Do binary blobs pose a potential security threat?
In short: yes.
Binary blobs are by definition not auditable (barring extended reverse-engineering). You don't know exactly what they do, and whether they have backdoors.
One particular binary blob I'd like to highlight is the one in the Intel Management Engine (and the AMD equivalent, the Platform Security Processor). It is a blob that runs on a processor connected directly to your CPU and main memory; it has full access to your OS, hardware and stays on when your computer is turned off but powered.
It is a remote backdoor as its intended use is allowing BIOS management, microcode updates etc. over the internet, by directly accessing your network hardware and communicating with Intel servers over channels encrypted with keys only Intel (presumably) has. It can not be disabled in most newer CPU's.
You can say: "Well, if I can't trust my hardware developer I have no physical security and I'm screwed anyway", but why go for hardware you know has backdoors that can be used by Intel and the American government, and which will potentially one day be exploited by others?
Are all recent computers compromised by this?
Yes. Every i3, i5 and i7 processor is. Every modern Intel processor. Every modern AMD processor. A back-of-an-enveloppe calculation tells you that's at least 300m active computers (according to Wikipedia there are about 433 million computers on the internet in the developed world).
I don't know about you, but I find this deeply disturbing.
The first person to find an exploit in the Intel Management Engine will make in the order of 10's or 100's of millions selling the exploit, or will be able to compromise 10's or 100's of millions of computers in a day.
So is the Librem a good choice for privacy and security?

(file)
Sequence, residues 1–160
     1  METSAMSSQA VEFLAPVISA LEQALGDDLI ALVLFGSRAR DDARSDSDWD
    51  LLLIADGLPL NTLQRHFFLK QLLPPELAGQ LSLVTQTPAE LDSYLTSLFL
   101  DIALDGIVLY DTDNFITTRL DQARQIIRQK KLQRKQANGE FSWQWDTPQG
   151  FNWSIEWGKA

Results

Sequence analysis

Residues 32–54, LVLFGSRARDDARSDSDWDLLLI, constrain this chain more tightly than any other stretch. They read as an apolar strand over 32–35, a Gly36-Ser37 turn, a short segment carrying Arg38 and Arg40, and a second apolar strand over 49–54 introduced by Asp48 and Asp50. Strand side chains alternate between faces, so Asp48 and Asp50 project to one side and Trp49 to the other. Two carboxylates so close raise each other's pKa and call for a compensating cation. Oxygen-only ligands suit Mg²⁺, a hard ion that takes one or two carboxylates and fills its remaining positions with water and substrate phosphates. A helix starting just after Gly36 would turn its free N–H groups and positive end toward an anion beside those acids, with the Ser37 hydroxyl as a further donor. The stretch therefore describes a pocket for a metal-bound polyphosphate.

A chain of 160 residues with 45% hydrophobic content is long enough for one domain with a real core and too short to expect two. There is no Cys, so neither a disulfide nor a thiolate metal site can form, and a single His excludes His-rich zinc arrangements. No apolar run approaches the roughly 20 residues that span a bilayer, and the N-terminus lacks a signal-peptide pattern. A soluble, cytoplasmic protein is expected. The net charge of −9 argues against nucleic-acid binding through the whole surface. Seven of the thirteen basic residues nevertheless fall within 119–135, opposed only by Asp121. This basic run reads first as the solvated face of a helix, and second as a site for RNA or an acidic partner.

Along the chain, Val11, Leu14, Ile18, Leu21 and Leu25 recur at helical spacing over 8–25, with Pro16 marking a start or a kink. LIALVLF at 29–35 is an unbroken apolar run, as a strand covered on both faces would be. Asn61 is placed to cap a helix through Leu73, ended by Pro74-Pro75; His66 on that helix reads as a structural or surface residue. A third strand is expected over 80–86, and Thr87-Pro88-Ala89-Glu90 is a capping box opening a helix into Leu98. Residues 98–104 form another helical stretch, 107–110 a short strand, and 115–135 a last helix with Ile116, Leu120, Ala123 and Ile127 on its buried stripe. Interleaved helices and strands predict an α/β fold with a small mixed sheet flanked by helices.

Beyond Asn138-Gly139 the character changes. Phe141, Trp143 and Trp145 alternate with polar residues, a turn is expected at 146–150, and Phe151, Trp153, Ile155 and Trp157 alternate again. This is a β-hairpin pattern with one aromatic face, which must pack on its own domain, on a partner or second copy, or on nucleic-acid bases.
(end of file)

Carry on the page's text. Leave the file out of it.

No. It comes with Intel ME and some other not-nice stuff (BIOS is a blob, microcode upgrades come as signed blobs (so you can't use your own), the video BIOS is a blob). It does have that nice hardware kill-switch, but that can be substituted for with an external network dongle and a piece of tape on the camera.
The OS looks OK, though I don't see what makes it better than, say, Kubuntu or some other user-friendly Ubuntu/Debian/Arch distro, and this is pretty easy to install on any laptop (though hardware support can still vary a little bit; "best laptops for Linux" on Google seems to have very accessible guides on this).
A guy on Reddit has a full breakdown on the Librem laptop, I thought it gave a very clear overview.
Do any laptops come without binary blobs?
Yes, all FSF certificated laptops. The Libreboot T400 is the one which has the best specs of all 3. Yes, there are very few FSF certified laptops, full list here.
Another place to look could be the list of supported Libreboot hardware, but then you'd have to flash your own bootloader and deal with the other firmware on your laptop yourself.
I personally would recommend you consider the Libreboot X200 or the Libreboot T400 if you're going for a privacy-conscious laptop. They're made by The Ministry of Freedom Ltd., which features Leah Woods, Libreboot's main contributor.
These two run laptops Libreboot which does not use any binary blobs (Libreboot is a deblobbed distribution of Coreboot). In fact, these laptops feature no binary blobs whatsoever, and come with instructions on building and flashing your own firmware.
In addition to coming with the full sources of all firmware and having hardware kill-switches for networking and the camera/mic, it features a fully-disabled Intel ME (Management Engine).
You will be getting a lot less performance (Intel Core2Duo upgradeable to Core2Quad) for your money, but it is the one of the only options available that ticks all privacy and free-as-in-freedom boxes.